Figure 2 and Table 2 show that the relationships between the study variables differed depending on the level of the model: At the within-person level, perceived naturalness was positively associated with relaxation (β = 0.322, p < 0.0005) but not with psychological detachment. This result indicates that the more natural a given person perceived the environment during multiple sessions of PA, the more he or she relaxed. In contrast, at the between-person level, perceived naturalness was not associated with either recovery experience. Additionally, at the within-person level, both psychological detachment (β = −0.306, p < 0.0005) and relaxation during PA (β = −0.221, p < 0.0005) were negatively linked with perceived stress after PA. This means that the more a given individual distanced from work or the more he/she relaxed during multiple sessions of PA, the less stress he or she perceived. On a between-person level, however, only psychological detachment was negatively associated with perceived stress after PA (β = −0.162, p = 0.018): Individuals who on average experienced a higher level of detachment during PA perceived less stress after PA.


Figure 2. Results of the two-level mediation analysis. All reported regression coefficients (*, p < 0.05) are standardized estimates. For a better overview, control variables are shown in gray.


Table 2. Results of the two-level mediation analysis: unstandardized regression coefficients (*, p < 0.05), standard errors (SE) with lower and upper bounds of the convidence interval.

Both on the within person- and the between person-levels, no evidence for direct effects were found from perceived naturalness on perceived stress after PA. However, the within person-level model revealed a small indirect effect between perceived naturalness and perceived stress after PA via relaxation. This indirect path reached statistical significance (β = −0.07, B = −0.04 [CI 95%: −0.059; −0.018]), while the other indirect pathway did not.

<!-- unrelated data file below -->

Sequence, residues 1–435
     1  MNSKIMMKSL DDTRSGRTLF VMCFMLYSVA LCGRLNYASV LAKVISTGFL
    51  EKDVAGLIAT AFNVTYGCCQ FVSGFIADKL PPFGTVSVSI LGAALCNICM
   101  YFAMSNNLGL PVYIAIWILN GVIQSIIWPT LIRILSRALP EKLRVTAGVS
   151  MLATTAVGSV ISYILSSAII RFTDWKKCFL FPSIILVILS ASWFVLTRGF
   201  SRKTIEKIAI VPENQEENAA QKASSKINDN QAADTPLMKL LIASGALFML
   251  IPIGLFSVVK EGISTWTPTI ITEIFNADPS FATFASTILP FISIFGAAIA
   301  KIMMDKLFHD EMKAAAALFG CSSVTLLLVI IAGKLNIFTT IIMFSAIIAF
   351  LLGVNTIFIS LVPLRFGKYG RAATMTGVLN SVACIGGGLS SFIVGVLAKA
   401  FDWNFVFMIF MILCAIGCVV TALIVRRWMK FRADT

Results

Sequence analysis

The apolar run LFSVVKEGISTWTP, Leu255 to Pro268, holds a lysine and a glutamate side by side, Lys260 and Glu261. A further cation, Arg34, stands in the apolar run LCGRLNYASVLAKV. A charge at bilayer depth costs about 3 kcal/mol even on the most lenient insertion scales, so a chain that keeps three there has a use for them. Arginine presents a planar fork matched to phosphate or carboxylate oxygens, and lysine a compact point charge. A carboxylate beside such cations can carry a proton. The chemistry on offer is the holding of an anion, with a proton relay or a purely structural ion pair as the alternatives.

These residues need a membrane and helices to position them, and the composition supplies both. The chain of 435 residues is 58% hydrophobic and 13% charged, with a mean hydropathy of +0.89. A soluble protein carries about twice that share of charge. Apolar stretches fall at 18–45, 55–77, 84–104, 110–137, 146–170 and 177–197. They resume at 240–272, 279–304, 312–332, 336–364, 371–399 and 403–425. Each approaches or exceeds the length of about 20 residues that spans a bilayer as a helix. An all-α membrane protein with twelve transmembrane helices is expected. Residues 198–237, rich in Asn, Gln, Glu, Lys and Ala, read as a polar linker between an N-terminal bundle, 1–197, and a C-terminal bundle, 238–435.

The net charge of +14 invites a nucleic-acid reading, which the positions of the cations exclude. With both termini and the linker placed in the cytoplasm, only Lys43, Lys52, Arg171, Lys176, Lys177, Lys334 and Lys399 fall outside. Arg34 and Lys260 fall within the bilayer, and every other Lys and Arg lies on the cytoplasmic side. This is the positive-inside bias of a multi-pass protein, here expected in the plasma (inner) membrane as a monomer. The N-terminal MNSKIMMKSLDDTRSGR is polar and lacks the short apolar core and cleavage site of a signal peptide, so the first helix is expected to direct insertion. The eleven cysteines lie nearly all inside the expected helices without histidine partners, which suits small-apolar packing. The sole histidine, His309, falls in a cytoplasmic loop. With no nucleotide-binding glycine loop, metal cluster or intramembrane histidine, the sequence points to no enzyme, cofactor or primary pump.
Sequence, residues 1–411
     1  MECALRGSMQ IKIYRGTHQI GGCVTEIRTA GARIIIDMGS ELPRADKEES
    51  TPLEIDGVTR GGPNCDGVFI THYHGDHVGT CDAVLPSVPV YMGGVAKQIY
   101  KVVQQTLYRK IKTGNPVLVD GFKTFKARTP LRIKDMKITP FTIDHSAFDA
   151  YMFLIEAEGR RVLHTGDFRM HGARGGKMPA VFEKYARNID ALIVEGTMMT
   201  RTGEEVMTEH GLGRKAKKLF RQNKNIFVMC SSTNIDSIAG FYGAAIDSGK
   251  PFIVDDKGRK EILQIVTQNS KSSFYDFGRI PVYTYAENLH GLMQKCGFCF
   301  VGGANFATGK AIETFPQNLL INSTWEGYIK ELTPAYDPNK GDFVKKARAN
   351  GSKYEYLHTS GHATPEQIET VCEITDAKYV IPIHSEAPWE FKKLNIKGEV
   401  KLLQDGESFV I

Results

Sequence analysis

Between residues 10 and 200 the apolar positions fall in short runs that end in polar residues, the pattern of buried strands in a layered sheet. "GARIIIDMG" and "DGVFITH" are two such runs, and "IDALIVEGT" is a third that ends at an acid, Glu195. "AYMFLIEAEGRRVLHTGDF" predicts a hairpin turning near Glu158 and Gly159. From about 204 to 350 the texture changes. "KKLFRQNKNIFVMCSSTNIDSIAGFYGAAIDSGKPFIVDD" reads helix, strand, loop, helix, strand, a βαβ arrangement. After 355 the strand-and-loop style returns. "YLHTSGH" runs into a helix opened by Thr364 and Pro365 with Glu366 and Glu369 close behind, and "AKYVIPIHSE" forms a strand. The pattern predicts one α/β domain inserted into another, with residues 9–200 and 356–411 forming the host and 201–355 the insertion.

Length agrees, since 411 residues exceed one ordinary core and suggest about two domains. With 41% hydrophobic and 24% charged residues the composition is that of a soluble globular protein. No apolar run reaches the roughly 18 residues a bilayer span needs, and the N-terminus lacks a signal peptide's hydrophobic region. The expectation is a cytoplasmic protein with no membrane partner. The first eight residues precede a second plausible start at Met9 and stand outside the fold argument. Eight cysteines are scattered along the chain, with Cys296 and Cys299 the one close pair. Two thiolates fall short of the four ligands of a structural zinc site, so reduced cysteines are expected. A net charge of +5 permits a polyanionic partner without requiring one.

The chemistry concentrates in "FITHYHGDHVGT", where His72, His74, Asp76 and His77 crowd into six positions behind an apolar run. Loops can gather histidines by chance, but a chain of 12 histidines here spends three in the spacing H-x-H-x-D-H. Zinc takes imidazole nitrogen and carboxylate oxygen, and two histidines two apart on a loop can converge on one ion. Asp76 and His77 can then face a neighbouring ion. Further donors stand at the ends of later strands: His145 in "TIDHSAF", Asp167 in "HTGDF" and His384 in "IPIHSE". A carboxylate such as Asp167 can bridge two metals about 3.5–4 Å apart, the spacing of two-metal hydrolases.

The present study aimed to investigate whether the relationship between perceived naturalness and perceived stress after PA was mediated by specific recovery experiences. This research expands upon previous studies by examining a potential psychological mechanism of green exercise. By investigating psychological detachment and relaxation, we focused on two recovery experiences that have previously only been vaguely addressed in prominent theories in the field of green exercise (Ulrich, 1983; Kaplan and Kaplan, 1989), but that have been intensively researched in occupational health psychology (Bennett et al., 2018). In the present research, self-reports were collected multiple times from individuals, proximal to the time and place PA occurred. Such an EMA approach has recently been identified as promising for future green exercise research (Mnich et al., 2019), because it more likely captures phenomena that vary over time or space compared to traditional cross-sectional, retrospective and summary methods.

As hypothesized, the relaxation as a recovery experience served as mediator in this study, but only on a within-person level. The more natural a given individual rated the PA setting, the more relaxed he or she felt during PA. In turn, the more relaxed the individual was, the less stress he or she perceived after PA. However, in contrast to our assumptions, psychological detachment did not serve as mediator, neither at the within- nor the between-person levels. Overall, the study shows that the associations between the study variables was different depending on which level of analysis was being considered. An indirect effect of perceived naturalness on perceived stress after PA via relaxation could only be observed on a within-person level, where multiple PA events are considered as experienced within an individual. Thus, it seems to be a situational mechanism rather than a general one.